Degree: MSc Cognitive and Computational Neuroscience
Now: PhD student at the University of Liverpool
Tyler is about to begin a PhD at the University of Liverpool exploring neural and associative learning mechanisms of pain and believes that the skills and knowledge he gained during his MSc Cognitive and Computational Neuroscience studies were essential for being awarded this position.
“After completing my undergraduate in Psychology, I wanted to refine my experience relating to Cognitive Neuroscience. There were several reasons why I selected this course, first of which was the impression I was left with after attending the open day. I got the feeling that the staff were very positive, and it was clear that there was the personal touch to this course.
“The course is an excellent training course for anyone wishing to pursue a PhD. There is an excellent balance of guided and individual learning, which is core to the transition to PhD study. In addition to this, the MSc in Cognitive and Computational Neuroscience allows for many core skills to be developed that are extremely desirable for any potential PhD supervisor. For example, I particularly found that the mathematical modelling and research skills module allowed me to really impress during PhD interviews. Being able to talk about the different tasks we had to implement such as modelling a visual neuron and implementing machine learning algorithms was extremely beneficial. The course provides you with a wide range of skills that really allow you to apply yourself into many different aspects of neuroscience, which is essential for career progression. For example, for my dissertation project, I was taught how to apply transcranial direct current stimulation to enhance visual short-term memory. Here, I have applied different computational models to obtain my variables and analysed them using Bayesian statistics.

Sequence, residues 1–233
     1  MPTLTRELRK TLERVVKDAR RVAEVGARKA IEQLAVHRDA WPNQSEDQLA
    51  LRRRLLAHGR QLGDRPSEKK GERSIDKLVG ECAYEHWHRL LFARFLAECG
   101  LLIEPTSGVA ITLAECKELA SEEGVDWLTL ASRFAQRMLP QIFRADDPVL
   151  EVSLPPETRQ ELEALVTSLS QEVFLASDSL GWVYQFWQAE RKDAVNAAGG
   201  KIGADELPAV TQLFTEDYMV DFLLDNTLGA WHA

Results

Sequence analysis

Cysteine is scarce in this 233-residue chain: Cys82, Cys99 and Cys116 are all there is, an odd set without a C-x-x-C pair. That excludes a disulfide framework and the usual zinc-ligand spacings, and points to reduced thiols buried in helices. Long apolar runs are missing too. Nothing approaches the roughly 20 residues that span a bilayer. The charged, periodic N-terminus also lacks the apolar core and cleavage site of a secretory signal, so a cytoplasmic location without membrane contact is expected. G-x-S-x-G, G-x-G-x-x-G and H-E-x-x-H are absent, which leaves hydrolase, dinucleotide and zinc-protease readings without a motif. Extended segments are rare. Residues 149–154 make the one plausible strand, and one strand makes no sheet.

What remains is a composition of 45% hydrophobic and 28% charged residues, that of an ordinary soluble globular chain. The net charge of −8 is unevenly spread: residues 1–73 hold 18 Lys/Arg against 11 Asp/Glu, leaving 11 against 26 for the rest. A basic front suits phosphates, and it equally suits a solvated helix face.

“Due to the many skills I have learned throughout this course, I will be completing a PhD at the University of Liverpool exploring neural and associative learning mechanisms of pain. The project is funded through a departmental teaching position (Demonstrator) in which I will be running labs and seminars for 1st and 2nd year Psychology statistic modules. For the PhD, we will be using EEG, machine learning and computational modelling, with the potential to apply fMRI or TMS to both measure and alter neural responses to painful stimuli, in an attempt to develop a diagnostic tool or intervention for those with chronic pain. The MSc in Cognitive and Computational Neuroscience was essential for being awarded this PhD and teaching position. For example, my knowledge of different computational approaches such as reinforcement learning (which I obtained during Computational neuroscience 1: Biologically grounded models), really impressed and help me stand out during interviews. This course provided me with the skills and confidence to take the next step in securing a competitive PhD position. If you are thinking about applying for a PhD position, this course will provide you with all of the necessary training to get there.”